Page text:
It occurred to me, as I walked along a local river bank with a friend a couple of weeks ago, that anyone under the age of about 30 probably has little idea why ecologists make such a fuss about Himalayan balsam (see The Politics of Pests). I was explaining how different this place was now compared to when I first visited but for her, the pink flowers of Himalayan balsam were something that she always associated with river banks. Himalayan balsam was as much a feature of the British countryside for her as rabbits – introduced here by the Romans.
I also wrote recently about the barriers that public perceptions create (see “To Constable country, via a blog on fracking …”). Environmental improvements are expensive and we need to justify expenditure yet, with the passing of time, Himalayan balsam and other invasive plants will become part of people’s experience of rivers, not as intrusive aliens. Their impact on the native vegetation will be something that only a few specialists appreciate. There is, in fact, a big literature on how public perceptions are important in environmental management, but this has an inherent limitation as even our earliest memories do not extend far enough into the past to give reliable insights into the natural state of lakes and rivers. In theory, of course, applying the scientific method allows a more objective, less biased evaluation of what we mean by a “natural” ecosystem. But we ignore public perception at our peril: the case for environmental restoration beyond a state that lay people regard as desirable will need to be made very clearly in order to justify the costs. An absence of Himalayan balsam is not, itself, a benefit that a lay person will automatically appreciate.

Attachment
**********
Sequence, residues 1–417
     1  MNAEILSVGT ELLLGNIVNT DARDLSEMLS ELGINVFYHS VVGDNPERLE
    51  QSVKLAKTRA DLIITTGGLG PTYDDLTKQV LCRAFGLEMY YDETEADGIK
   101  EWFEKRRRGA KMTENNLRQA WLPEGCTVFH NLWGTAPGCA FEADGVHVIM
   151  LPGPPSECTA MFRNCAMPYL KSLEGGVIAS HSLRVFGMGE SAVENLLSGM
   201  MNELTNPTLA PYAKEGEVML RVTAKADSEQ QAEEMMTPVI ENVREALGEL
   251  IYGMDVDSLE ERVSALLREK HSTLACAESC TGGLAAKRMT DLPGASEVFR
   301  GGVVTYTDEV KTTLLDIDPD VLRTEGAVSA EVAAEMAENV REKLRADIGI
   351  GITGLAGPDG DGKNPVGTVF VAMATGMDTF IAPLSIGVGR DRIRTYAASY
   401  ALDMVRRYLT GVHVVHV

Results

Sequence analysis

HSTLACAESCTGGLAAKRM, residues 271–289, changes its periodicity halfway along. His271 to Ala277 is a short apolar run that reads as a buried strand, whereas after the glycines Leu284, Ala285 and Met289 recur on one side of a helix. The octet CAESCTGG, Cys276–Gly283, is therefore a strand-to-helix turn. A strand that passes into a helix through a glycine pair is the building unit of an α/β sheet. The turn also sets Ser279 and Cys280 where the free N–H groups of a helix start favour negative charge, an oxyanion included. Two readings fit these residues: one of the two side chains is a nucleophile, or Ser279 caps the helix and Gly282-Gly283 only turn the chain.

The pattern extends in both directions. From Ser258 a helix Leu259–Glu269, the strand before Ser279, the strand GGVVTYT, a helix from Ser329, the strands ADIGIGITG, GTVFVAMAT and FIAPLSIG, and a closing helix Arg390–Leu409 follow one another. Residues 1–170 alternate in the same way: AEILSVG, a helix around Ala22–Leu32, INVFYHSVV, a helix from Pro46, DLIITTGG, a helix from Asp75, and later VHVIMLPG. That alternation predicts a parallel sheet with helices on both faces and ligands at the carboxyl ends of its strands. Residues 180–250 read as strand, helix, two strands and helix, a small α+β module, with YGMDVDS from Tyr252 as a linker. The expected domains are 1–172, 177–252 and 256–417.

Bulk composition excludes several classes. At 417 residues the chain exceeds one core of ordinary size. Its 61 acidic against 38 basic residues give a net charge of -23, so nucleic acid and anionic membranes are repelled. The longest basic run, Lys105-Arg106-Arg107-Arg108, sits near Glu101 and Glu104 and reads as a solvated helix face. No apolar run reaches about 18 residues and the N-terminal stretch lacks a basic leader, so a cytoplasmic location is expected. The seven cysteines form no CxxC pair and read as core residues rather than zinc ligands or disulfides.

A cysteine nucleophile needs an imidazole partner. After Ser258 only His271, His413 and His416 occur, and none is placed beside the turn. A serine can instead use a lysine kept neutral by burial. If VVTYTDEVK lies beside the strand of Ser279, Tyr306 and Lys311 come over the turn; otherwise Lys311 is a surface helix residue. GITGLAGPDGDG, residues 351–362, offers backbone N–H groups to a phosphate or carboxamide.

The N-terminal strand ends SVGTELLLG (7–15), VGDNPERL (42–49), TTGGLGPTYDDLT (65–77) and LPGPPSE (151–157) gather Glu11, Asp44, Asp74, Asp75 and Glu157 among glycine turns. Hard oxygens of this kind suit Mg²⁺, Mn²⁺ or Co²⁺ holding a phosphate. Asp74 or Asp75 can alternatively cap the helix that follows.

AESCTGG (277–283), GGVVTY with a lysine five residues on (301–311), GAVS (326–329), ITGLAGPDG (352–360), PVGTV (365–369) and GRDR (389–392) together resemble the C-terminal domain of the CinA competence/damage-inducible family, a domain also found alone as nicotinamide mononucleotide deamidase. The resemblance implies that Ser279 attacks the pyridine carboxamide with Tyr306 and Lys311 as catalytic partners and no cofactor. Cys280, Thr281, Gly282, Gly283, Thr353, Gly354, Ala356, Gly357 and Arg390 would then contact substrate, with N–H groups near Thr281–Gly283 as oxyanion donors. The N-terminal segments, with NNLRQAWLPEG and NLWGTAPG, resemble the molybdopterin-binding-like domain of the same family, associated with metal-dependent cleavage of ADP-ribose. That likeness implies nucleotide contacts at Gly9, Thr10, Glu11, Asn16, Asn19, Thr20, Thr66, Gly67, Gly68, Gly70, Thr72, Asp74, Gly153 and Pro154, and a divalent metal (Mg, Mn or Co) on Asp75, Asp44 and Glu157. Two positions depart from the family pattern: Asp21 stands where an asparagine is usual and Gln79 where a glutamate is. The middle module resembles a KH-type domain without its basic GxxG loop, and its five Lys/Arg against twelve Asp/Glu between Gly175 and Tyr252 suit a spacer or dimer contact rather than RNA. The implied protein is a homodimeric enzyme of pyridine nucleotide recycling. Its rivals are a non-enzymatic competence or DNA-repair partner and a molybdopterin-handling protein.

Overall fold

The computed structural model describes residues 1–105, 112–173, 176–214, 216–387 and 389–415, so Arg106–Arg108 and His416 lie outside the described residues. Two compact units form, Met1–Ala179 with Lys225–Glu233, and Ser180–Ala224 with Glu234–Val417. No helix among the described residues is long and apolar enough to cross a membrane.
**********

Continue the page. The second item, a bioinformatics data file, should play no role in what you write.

Himalayan balsam growing beside Smallhope Burn, a tributary of the River Browney, near Lanchester, County Durham.
I end this short thread of posts about Himalayan balsam on a pessimistic note. The river banks we were walking around were part of a country park managed by the local council. Their budgets have been cut so much that the prospect of manual control of Himalayan balsam is out of the question. Indeed, there is so much Himalayan balsam that any effort to remove it from a single location would have to be an ongoing campaign as it would constantly re-invade from outside. It may be possible for Wildlife Trusts to marshal volunteers to keep Himalayan balsam at bay on nature reserves, but the co-ordinated regional and national control programmes that I mentioned in The Politics of Pests belong to the world of fantasy, not reality. I have seen the future … and it is pink.
Valinia, S., Hansen, H.-P., Futter, M.N., Bishop, K., Srisskandarajah, N. & Fölster, J. (2012). Problems with the reconciliation of good ecological status and public participation in the Water Framework Directive. Science of the Total Environment 433: 482-490.
A colleague read my blog and passed on a recent press release from CABI announcing the start of a trial release of a rust fungus to control Himalayan balsam. Laboratory-based trials have established that the fungus damages the Himalayan balsam plants whilst not infecting native species. The field trials are taking place in Berkshire, Middlesex and Cornwall and it will be interesting to see how these perform. If it is as successful – and cost-effective – as the project team hopes, then maybe the future will not be so pink after all …